“So people see us in costumes rolling down the street and they assume we’re a parade and start cheering and yelling for beads, so we just embraced it,” says Savoy.
Each year, friends – and friends of friends – gather in Faubourg St. John early on Mardi Gras morning and cycle along a ceremonial path Uptown to catch Zulu before making their way to the French Quarter for the rest of the day. In 2003, one Bike-us participant designed a coat of arms and it was turned into a flag and stickers to decorate bicycles.

“I guess that’s what made us official, more or less,” says Savoy. “It came down to someone deciding they could go to Kinko’s and get something printed.”
The decision to select annual Bike-us royalty followed suit, including a post-Katrina coronation held on the hood of a flood-ruined Lincoln in Mid-City, and the group’s numbers continue to grow.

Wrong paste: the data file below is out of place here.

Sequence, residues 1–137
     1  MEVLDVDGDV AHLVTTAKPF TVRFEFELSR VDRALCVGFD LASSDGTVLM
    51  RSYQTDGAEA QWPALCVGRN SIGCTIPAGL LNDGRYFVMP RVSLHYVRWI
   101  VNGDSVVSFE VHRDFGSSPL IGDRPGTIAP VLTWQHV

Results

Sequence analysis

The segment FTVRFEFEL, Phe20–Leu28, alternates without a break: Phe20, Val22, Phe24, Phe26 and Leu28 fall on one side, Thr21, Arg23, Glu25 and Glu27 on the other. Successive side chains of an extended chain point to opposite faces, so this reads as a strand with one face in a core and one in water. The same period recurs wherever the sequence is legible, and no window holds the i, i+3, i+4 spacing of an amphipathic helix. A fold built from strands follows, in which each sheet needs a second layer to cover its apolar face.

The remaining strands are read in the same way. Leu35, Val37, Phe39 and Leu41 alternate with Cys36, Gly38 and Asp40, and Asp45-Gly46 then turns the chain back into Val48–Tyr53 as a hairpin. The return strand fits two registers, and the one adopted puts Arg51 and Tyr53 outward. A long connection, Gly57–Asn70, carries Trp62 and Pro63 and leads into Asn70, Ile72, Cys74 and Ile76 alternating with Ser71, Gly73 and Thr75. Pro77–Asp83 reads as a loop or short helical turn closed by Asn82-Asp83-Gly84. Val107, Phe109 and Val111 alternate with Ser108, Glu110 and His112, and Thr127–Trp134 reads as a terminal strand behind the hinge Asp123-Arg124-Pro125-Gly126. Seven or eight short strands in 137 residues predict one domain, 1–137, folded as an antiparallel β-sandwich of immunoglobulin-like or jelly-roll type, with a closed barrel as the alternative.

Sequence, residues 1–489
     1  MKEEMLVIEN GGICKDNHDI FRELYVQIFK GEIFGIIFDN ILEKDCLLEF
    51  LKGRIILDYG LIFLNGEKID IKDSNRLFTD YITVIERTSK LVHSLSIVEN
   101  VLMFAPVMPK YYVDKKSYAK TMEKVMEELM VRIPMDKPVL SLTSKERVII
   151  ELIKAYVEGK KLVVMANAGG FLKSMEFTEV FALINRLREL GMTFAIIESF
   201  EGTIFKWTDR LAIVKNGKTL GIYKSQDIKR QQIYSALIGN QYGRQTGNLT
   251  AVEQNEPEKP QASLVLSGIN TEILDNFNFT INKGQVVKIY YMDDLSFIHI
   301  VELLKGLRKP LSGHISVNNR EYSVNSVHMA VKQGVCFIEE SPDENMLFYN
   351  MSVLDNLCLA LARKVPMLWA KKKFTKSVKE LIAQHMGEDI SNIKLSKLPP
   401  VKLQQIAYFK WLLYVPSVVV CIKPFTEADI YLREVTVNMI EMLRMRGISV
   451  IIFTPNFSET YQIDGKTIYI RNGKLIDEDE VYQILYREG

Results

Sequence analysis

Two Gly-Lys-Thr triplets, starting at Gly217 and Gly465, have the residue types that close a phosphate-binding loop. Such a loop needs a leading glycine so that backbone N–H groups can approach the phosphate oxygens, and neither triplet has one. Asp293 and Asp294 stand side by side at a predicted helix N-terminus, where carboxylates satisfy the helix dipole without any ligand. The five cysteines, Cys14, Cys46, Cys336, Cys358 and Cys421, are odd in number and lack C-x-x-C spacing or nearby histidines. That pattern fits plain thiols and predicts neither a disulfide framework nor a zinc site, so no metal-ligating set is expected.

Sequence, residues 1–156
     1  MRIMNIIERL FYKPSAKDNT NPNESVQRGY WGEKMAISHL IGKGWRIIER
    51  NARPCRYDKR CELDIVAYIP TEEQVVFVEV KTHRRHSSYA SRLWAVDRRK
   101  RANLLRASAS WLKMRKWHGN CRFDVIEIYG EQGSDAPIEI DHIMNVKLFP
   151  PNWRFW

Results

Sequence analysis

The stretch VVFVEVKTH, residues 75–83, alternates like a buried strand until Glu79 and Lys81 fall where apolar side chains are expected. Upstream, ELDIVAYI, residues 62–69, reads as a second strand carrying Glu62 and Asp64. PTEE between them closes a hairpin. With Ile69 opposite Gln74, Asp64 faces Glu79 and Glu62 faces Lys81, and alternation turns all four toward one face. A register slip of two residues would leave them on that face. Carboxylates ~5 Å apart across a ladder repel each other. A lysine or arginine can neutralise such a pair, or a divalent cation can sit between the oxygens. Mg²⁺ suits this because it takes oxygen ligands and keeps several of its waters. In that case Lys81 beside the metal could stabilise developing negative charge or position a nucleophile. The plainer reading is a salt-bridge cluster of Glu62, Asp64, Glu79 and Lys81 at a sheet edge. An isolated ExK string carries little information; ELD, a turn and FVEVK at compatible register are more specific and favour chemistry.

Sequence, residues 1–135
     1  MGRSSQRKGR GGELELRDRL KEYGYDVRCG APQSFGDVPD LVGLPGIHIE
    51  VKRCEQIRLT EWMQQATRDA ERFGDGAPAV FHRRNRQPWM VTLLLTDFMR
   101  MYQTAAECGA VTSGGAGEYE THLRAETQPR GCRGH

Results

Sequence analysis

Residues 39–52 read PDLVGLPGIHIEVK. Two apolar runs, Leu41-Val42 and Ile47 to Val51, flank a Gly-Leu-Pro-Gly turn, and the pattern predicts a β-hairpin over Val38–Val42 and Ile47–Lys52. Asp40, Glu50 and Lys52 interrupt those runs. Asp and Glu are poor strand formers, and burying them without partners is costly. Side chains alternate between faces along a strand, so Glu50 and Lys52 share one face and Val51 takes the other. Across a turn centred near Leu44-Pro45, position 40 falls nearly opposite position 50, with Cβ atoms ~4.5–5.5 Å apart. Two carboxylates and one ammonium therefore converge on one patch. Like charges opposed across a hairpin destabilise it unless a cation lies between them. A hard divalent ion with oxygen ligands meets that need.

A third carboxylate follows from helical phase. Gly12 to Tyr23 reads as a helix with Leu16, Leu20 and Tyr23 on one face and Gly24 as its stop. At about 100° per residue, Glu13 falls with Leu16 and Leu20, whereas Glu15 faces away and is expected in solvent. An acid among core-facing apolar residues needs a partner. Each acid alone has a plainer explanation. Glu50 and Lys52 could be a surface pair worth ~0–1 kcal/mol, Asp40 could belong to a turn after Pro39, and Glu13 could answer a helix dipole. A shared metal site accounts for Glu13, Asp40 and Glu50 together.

“I think that’s one of the great parts of Mardi Gras, the myriad traditions people have for the day, whether it’s been going on for 150 years, 10 years or 10 minutes,” says Savoy. “You build tradition on top of tradition, and these little sidelines of Mardi Gras really make the day yours.”

Often, the traditions of these grassroots groups mirror or at least borrow from some of the most established Carnival rituals. Consider the Royal Revelers of Discordia, a Bywater-based marching club that does not exactly radiate reverence for institutional hallmarks. Their pre-parade parties often resemble witch covens, with themes like “Reign of Terror,” raging bonfires and soundtracks closer to Black Sabbath than “If Ever I Cease to Love.” Yet the formal totems of Mardi Gras still imbue their activities.